Michael Oren, Israeli Ambassador to the US, deletes tweet (VIDEO)


Israeli Ambassador to the US Michael Oren addresses the opening of the three-day General Assembly of the Jewish Federations of North America in Washington on Nov. 8, 2009.


Nicholas Kamm

You can kill a tweet, but you can't hide the body.

The Twitter account of Michael Oren, Israeli Ambassador to the United States, sent this out to the world Saturday, according to Buzzfeed:

If what the tweet suggested were true — that Israel is willing to sit down with Hamas, which the US and Israel designate a terrorist organization — this would be news of the biggest kind. But as BuzzFeed, which broke the story, said, Oren deleted the tweet, blamed the statement on a staffer, and said Israel would do nothing of the kind.

"Correction: the earlier tweet about my CNN interview was sent erroneously by a staffer," Oren later tweeted.

The tweet referenced Oren's interview with CNN, in which he said:

"The people, and the government, and the State of Israel want peace with their neighbors. And we're willing to sit down and negotiate with them, if they are willing to sit down and negotiate with us. Everything's on the table. We sign on to the two-state solution, we're committed to it. Just stop shooting at us."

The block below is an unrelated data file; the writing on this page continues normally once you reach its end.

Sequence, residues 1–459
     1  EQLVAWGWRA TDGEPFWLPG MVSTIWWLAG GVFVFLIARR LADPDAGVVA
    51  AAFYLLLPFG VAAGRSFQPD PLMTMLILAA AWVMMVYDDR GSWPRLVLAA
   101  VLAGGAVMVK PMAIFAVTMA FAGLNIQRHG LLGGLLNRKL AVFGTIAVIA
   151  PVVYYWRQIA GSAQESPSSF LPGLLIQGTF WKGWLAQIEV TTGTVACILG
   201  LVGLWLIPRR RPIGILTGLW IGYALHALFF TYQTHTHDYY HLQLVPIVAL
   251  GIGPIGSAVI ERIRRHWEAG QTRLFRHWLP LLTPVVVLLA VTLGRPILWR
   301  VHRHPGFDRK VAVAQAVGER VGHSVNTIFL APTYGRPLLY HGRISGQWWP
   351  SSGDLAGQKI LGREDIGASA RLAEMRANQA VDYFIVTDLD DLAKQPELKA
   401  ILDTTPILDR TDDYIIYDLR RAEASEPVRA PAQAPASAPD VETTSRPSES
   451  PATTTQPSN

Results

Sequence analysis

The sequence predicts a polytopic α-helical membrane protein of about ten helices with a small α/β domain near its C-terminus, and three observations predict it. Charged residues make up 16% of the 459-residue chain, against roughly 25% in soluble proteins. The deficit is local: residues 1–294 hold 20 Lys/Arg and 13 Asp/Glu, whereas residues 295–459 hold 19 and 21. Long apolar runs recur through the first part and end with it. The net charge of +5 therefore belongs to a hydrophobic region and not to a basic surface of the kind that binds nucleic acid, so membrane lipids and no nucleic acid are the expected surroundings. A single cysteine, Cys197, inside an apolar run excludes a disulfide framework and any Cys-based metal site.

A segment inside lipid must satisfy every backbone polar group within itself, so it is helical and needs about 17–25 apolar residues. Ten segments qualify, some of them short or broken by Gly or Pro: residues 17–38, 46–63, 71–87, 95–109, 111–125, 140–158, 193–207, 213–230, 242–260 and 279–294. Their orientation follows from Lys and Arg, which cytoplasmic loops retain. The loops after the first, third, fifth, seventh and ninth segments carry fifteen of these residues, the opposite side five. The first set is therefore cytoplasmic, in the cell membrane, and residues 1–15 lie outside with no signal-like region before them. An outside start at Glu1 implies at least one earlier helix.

Notice that in those comments, Oren did not mention Hamas.

A spokesman for Oren later told Buzzfeed in an email: "Ambassador Oren signaled in his interview our willingness to sit with our Palestinian neighbours — not with Hamas."

More from GlobalPost: Social warfare: Israel and Hamas bring war to the digital age

In light of the mistaken tweet, perhaps it's a good time for a refresher on how how the microblogging platform works. Here are the top three Twitter rules from journalist David Aaronovitch (you can view the rest here:)

1. Twitter IS publishing. Putting it out there for others to read is publishing. So don’t tweet anything you wouldn’t be happy to see on the newsagent’s shelf with a picture of you above it.

2. You think you know the law of libel. You don’t. Nor do any of your friends. I have had grown men telling me on Twitter this week that repeating a libel is not itself libel (it is) or that if you don’t directly say X is a rampant Y, but just hint at it then it doesn’t count (it does).

3. If you’re an obscure nobody who no one follows, but who wants to say something rude sort of privately, don’t do it under a trending hashtag. You will bring the wrath of thousands of strangers down on your hapless head.

Watch Oren's interview with CNN below: